My two and a half year old granddaughter had a busy weekend packed full of fun. She visited an amusement park for the first time. She was in route to our house to tell us all about it. As she walked down the side deck of our home, I saw her smile first and her purse second. A small toy animal head was poking out of her hard shell handbag.
“What do you have in there?” I asked. She proudly removed a blue pony with long locks of hair just a shade lighter than the plastic body.
“Did Mumma get you that prize?” I asked.
“Um hum!” She responded as she sat down on the deck to stroke the pony’s blue hair.
“Mom, we all played games at the park and combined the tickets to get her that pony! It took two hundred of them to get our hands on that thing! I could’ve bought that at the dollar store!” My daughter said as we all laughed but my laughter was quickly going to turn to silence. I would soon find myself whipped into a place of remembrance, sympathy and pain all because of a little blue pony with long curly hair.
We spend many hours on our back deck. Some of the best talks, some of the deepest discussions and many decisions have been made on the deck. It’s a getaway. From that spot, I can hear the sound of the fountain in our pool. I close my eyes and envision a vacation destination. Important discoveries are made out there on the deck.
“Mimi, Hewp!” She yells because she can’t say help.
“What’s wrong Jade?”
“Mimi, put it back peas!” She is beginning to panic. I freeze. I honestly cannot move as I watch her. I need a rescue from God. I’m beginning to shake. I feel anxiety run through my core. Jade is combing the curly blue locks of the pony’s mane with her fingers and the hair is falling out onto the deck. She’s picking it up and setting it back on top of the pony’s head. I’m spinning. My mind is rolling like an 8mm film. I can see all of my friends who have undergone chemo. I can see their hair falling out and the agony of wanting to “put it back”. I take the pony from Jade. Her face is distraught. I can’t tell her that Mimi can fix it. I’d be lying. Its pulled out from the roots.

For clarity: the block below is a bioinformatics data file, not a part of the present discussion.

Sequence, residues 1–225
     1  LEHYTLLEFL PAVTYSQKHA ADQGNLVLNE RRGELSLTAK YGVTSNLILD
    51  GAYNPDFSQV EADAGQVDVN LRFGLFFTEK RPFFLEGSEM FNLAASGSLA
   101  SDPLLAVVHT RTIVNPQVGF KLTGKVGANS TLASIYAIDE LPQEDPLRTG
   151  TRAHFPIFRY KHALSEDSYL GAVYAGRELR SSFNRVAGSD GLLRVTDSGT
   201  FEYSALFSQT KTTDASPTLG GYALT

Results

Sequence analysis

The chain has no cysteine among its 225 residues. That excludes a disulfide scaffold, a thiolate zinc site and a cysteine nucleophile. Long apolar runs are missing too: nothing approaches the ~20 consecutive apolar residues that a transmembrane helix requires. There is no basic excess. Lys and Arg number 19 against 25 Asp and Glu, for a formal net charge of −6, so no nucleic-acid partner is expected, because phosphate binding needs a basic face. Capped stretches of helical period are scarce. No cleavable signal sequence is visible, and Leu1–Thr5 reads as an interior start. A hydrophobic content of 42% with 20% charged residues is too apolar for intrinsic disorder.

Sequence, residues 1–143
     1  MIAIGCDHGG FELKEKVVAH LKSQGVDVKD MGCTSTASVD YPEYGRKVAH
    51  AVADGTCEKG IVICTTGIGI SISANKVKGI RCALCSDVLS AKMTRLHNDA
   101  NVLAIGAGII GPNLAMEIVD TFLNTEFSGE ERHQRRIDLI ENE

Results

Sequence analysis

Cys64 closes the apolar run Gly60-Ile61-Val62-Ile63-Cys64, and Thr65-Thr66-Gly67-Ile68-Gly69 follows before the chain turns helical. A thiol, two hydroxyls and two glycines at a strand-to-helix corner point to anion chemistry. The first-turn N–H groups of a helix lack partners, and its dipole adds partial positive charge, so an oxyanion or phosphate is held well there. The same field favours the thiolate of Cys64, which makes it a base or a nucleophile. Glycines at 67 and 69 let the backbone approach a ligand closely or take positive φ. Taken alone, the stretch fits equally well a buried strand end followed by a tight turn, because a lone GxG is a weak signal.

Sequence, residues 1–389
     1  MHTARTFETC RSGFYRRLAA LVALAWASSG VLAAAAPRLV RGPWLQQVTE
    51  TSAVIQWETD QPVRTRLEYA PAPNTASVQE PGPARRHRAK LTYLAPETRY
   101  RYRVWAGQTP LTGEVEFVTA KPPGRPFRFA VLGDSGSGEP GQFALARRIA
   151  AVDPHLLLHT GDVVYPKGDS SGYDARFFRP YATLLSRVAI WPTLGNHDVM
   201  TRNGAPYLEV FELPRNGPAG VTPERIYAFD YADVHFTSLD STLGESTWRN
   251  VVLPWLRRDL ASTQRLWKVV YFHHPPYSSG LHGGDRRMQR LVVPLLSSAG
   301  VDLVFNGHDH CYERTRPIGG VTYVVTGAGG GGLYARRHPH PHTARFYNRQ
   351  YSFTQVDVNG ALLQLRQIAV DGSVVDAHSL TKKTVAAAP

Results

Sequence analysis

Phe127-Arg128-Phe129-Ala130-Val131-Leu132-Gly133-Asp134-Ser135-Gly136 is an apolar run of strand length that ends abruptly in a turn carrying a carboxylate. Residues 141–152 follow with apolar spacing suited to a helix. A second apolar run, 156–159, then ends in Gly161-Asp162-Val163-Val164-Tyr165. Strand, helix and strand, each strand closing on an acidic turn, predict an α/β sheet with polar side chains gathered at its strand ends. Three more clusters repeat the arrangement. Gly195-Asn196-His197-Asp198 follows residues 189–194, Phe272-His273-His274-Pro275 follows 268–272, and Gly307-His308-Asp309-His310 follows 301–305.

“Jade, hair falls out sometimes.”
“I know. It’s sad but your pony is still so pretty!”
As the evening came to a close, we picked up Jade’s toys and brought the dirty dishes inside. I put a few caps on markers that she’d taken out and I made one last glance. I noticed a large clump of blue hair rolling across the deck like a tumbleweed. I grabbed it and weighted it down with a flower pot. I wanted to keep the memory close for a little while.
Jade came back this evening. She didn’t have her purse and she didn’t bring her blue pony. She had Minnie mouse and The Foot Book. It was nearing bath time when she spotted the hair under the pot. She did not ask, she reached up and took the hair. She ran to her wagon which serves as her outdoor toy box. She grabbed her bag of shells and dumped them out. Jade then placed the blue hair in the bag. That bag went with her to the tub where she removed the curly locks and washed them with shampoo. The blue strands are still on the edge of the bath tub and they will remain until they either wash away or she doesn’t want them.